According to the U.S. private wealth management division of the Canadian Imperial Bank of Commerce, Atlantic Trust, digital assets should be accounted for and included in any estate planning you do. Considering that 64% of Americans surveyed in a recent RocketLawyer poll answered that they don’t know what happens to their digital assets after death, it’s important to equip yourself with the proper knowledge.
Joshua Miller, managing director and senior wealth strategist for the Atlantic Trust, recently tried to better explain the reasoning to PRNewswire.com.
“Given the growing digital footprint that most people have, it’s really important to think about what happens to these assets when you or a loved one dies,” he said. “Considering how to dispose of digital assets and accounts, including the potential efficacy of trust ownership and powers of attorney, should be a part of any estate planning discussion.”
It’s a new frontier with much to be learned, and then presumably revised, changed, and tweaked countless times in the near future. Still, it’s important to keep up with the laws and regulations as they are being crafted and evolving rather than try to play catch-up down the road.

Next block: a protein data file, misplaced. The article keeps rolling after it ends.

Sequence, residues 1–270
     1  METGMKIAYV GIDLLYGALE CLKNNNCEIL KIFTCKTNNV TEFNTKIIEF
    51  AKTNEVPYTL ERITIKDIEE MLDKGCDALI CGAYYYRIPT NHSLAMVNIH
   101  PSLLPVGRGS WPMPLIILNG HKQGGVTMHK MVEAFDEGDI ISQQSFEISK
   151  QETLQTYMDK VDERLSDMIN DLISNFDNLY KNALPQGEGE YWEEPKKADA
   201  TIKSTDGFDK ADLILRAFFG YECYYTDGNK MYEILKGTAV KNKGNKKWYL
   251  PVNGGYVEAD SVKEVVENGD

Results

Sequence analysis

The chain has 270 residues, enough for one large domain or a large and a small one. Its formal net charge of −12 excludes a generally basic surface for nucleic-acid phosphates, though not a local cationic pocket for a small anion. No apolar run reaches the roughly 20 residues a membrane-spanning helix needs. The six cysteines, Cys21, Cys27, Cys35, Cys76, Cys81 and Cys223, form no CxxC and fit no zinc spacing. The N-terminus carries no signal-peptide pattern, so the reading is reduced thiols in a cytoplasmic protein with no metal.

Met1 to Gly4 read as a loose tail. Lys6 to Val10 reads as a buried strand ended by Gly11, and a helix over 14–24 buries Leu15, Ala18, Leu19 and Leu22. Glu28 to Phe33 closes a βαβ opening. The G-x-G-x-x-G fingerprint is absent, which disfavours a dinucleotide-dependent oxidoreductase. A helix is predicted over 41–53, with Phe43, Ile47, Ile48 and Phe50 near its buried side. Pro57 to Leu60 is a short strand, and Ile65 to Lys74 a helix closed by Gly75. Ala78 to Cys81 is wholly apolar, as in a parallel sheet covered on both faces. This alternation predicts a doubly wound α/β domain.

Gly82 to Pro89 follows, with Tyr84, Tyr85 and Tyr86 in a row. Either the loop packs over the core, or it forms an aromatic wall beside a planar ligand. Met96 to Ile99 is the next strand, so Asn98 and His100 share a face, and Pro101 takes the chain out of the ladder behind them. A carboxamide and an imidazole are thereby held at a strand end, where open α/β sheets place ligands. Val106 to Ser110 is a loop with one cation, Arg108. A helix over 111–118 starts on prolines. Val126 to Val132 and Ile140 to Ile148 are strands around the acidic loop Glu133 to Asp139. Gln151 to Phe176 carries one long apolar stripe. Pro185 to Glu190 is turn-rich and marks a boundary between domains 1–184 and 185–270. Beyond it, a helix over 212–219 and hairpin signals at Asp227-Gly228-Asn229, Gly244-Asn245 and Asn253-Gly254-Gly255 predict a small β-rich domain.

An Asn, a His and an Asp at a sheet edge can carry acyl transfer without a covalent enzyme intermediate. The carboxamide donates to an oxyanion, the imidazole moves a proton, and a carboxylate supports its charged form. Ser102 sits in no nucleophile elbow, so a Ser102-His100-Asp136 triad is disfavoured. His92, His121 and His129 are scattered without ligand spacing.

For example, according to PRNewswire.com, the Uniform Fiduciary Access to Digital Assets Act (UFADAA) that passed last year provided fiduciaries with “at least the authority to manage and distribute digital assets, copy or delete digital assets, and access digital assets.”
This updated laws set in place since 1986 — predating the internet itself, let alone social media sites like Facebook or Twitter.
In addition to the financial digital assets people own, wealthmanagement.com points out that more and more emotional and sentimental assets, like pictures, are being stored digitally and can be lost forever without proper protection.
A comprehensive estate plan should be something everyone compiles at some point, preferably sooner rather than later. Nowadays, digital assets are just one more aspect every person needs to consider when putting theirs together.